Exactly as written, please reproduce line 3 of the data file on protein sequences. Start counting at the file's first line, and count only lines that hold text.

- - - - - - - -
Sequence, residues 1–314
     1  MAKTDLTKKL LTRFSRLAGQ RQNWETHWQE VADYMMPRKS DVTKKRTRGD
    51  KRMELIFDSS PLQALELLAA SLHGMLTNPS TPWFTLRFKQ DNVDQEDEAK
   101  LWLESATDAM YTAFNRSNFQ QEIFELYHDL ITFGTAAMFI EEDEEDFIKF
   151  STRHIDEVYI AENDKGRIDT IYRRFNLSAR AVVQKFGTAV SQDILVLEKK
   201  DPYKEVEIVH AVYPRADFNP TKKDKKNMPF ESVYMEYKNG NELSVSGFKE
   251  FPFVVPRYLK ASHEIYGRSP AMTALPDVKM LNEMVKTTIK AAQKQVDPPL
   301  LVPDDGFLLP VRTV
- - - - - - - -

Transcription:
    51  KRMELIFDSS PLQALELLAA SLHGMLTNPS TPWFTLRFKQ DNVDQEDEAK